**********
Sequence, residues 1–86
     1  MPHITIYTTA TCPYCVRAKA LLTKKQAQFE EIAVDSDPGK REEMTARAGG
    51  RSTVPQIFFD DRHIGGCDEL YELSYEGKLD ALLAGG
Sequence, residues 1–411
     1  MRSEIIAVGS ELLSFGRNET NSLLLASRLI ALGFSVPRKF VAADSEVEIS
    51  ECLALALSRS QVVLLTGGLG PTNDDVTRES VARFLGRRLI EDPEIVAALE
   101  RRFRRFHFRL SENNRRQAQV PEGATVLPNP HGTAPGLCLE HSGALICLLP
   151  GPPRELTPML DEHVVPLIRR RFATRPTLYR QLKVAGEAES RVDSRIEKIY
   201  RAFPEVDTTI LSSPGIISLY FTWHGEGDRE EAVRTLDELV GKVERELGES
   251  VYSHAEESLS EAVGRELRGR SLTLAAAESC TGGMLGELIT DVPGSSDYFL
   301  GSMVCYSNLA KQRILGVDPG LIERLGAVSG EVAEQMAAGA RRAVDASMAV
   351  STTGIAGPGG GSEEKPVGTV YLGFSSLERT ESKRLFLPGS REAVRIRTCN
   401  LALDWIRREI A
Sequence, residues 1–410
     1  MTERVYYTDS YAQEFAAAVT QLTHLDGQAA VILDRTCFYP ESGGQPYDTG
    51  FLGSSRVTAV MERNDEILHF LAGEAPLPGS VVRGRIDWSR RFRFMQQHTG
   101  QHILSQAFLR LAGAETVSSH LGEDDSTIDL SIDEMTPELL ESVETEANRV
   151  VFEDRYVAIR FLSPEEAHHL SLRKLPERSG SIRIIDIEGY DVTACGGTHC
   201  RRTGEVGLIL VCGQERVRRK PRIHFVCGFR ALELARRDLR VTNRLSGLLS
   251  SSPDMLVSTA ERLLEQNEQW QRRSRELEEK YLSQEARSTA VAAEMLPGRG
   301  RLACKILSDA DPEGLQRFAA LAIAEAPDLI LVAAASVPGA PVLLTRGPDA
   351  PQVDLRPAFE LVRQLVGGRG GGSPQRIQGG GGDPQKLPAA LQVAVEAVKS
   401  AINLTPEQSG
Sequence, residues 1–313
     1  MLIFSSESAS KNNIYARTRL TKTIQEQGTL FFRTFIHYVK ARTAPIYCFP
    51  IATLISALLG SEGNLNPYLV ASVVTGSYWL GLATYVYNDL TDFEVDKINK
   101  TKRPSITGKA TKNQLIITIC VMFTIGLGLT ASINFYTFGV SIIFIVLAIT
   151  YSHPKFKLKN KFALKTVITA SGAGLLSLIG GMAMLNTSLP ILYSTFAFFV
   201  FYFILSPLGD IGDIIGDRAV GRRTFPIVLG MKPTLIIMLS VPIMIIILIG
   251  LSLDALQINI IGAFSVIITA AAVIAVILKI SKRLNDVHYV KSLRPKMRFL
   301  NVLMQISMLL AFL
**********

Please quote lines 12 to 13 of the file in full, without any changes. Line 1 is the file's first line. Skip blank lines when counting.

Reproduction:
   351  STTGIAGPGG GSEEKPVGTV YLGFSSLERT ESKRLFLPGS REAVRIRTCN
   401  LALDWIRREI A